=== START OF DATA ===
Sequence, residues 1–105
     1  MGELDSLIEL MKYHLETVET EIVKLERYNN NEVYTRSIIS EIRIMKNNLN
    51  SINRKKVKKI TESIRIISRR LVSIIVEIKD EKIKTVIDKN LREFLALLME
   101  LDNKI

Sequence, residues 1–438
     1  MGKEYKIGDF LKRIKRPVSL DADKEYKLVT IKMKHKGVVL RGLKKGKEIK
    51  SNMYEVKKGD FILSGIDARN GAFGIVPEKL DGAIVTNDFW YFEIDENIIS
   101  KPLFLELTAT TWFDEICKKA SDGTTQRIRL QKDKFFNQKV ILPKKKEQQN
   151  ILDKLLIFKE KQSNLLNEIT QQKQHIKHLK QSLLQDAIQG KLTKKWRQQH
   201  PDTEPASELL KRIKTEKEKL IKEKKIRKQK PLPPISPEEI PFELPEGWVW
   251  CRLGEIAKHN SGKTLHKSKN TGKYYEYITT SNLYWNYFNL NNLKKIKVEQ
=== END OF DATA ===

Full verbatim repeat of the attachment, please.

Sequence, residues 1–105
     1  MGELDSLIEL MKYHLETVET EIVKLERYNN NEVYTRSIIS EIRIMKNNLN
    51  SINRKKVKKI TESIRIISRR LVSIIVEIKD EKIKTVIDKN LREFLALLME
   101  LDNKI

Sequence, residues 1–438
     1  MGKEYKIGDF LKRIKRPVSL DADKEYKLVT IKMKHKGVVL RGLKKGKEIK
    51  SNMYEVKKGD FILSGIDARN GAFGIVPEKL DGAIVTNDFW YFEIDENIIS
   101  KPLFLELTAT TWFDEICKKA SDGTTQRIRL QKDKFFNQKV ILPKKKEQQN
   151  ILDKLLIFKE KQSNLLNEIT QQKQHIKHLK QSLLQDAIQG KLTKKWRQQH
   201  PDTEPASELL KRIKTEKEKL IKEKKIRKQK PLPPISPEEI PFELPEGWVW
   251  CRLGEIAKHN SGKTLHKSKN TGKYYEYITT SNLYWNYFNL NNLKKIKVEQ